Colonial-style Home, New England

The area around Smith College in Northampton, Massachusetts, is affluent and appealing. If you like, as I do, various flavors of American colonial style architecture floating in a rich broth – play on words intended – of manicured small town landscapes and privileged academia, you’ll enjoy a visit to Smith. Some of the buildings and homes are historic sites that were actually built during the colonial era. Others are relatively new structures, like the home pictured here, which apparently was built in the second half of the previous century.

I visited Northampton on a very gray, rainy day; travelers cannot be picky. The heavy overcast creates soft, but very saturated, colors. Working in this kind of light is challenging, and I enjoy it. I am a fan of doors and entrance ways as subjects; this image is an example.


Doorway, Penang, Malaysia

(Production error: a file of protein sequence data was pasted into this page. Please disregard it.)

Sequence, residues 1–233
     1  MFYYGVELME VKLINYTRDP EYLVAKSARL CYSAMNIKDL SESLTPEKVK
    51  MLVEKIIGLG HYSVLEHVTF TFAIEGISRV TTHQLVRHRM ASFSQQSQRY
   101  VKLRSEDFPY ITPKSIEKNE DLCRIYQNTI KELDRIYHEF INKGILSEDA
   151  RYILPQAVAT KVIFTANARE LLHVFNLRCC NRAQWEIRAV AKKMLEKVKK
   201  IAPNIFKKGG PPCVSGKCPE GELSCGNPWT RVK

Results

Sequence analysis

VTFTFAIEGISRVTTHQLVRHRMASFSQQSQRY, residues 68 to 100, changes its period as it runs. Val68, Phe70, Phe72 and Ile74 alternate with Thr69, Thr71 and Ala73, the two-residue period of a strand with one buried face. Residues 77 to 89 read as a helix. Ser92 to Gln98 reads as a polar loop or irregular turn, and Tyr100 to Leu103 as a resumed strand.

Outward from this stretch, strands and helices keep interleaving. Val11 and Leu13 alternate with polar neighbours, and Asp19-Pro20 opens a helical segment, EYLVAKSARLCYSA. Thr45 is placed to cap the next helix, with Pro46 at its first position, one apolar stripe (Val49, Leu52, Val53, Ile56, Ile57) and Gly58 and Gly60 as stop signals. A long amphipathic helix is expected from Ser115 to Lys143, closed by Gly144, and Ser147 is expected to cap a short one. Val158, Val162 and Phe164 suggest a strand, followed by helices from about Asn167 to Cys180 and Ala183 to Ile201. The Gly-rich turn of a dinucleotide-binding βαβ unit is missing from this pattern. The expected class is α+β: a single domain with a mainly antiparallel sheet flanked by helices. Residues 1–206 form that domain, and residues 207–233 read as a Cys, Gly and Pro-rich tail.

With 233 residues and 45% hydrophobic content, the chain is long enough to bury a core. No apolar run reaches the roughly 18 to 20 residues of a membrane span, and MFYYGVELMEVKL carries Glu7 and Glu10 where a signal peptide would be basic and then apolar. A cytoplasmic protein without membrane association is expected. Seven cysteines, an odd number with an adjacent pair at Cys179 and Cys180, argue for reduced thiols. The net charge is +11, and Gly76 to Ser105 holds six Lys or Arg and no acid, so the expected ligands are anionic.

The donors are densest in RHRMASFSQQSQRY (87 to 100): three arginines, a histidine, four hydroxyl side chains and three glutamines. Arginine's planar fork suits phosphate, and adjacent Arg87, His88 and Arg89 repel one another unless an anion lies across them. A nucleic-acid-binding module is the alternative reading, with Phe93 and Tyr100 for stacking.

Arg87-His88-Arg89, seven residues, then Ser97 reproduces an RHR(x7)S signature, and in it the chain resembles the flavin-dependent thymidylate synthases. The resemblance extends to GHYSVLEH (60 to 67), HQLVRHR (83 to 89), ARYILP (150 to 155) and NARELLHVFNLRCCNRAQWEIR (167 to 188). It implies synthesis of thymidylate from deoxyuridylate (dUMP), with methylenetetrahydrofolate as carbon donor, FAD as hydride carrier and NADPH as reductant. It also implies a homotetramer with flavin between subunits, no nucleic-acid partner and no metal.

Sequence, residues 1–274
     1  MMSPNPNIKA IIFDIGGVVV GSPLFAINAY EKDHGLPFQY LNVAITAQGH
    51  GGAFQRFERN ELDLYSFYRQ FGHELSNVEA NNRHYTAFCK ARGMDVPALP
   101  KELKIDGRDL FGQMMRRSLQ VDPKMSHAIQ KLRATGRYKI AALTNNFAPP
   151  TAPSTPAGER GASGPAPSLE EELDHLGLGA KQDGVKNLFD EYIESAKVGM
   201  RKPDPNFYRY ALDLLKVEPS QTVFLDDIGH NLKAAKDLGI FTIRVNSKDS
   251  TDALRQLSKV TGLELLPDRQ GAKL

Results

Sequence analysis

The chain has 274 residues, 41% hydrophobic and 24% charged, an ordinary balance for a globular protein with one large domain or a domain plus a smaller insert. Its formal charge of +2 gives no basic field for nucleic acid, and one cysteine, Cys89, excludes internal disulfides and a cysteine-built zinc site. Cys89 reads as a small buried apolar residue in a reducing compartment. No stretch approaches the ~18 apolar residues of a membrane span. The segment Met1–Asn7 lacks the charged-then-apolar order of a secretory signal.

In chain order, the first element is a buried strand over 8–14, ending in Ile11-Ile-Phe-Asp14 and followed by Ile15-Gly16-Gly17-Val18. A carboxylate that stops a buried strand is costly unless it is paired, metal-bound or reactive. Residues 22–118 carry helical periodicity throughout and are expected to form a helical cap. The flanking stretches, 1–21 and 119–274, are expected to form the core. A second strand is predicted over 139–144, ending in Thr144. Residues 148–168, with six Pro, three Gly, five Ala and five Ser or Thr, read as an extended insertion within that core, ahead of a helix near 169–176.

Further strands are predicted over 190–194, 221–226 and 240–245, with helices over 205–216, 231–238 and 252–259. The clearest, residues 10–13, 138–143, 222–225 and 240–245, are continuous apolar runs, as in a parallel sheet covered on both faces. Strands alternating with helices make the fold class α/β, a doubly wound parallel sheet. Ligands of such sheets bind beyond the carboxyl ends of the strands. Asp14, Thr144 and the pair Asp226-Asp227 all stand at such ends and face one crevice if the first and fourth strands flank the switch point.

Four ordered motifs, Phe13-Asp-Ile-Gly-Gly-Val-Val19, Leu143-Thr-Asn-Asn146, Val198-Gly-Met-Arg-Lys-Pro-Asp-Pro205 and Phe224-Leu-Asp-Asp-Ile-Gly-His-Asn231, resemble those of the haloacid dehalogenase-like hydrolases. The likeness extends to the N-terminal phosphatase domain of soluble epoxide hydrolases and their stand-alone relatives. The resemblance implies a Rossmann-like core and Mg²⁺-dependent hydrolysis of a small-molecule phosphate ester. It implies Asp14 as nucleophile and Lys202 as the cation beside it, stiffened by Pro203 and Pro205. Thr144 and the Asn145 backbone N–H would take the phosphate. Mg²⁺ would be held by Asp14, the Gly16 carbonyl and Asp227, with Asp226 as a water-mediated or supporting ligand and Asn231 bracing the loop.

The Pinang Peranakan Mansion, built towards the end of the 19th century, was the home to a very wealthy Chinese man and his extended family. Though the tour I took of the Mansion did not make this clear – the guide was full of information, or so it seemed, but next to impossible to understand – I presume the man made his fortune as a trader. Chinese trading networks built around families originally from Guangdong and Fujian in southern China have played an enormous role in the history of Southeast Asia. You certainly see their influence everywhere in Penang. In any case, the Mansion is now a museum housing a magnificent collection of traditional Chinese arts and crafts, from painting and jewelry to jade, porcelain, and embroidery. This is a photo of the beautifully carved wooden door panels that form the original entrance to the building.Facebooktwittermail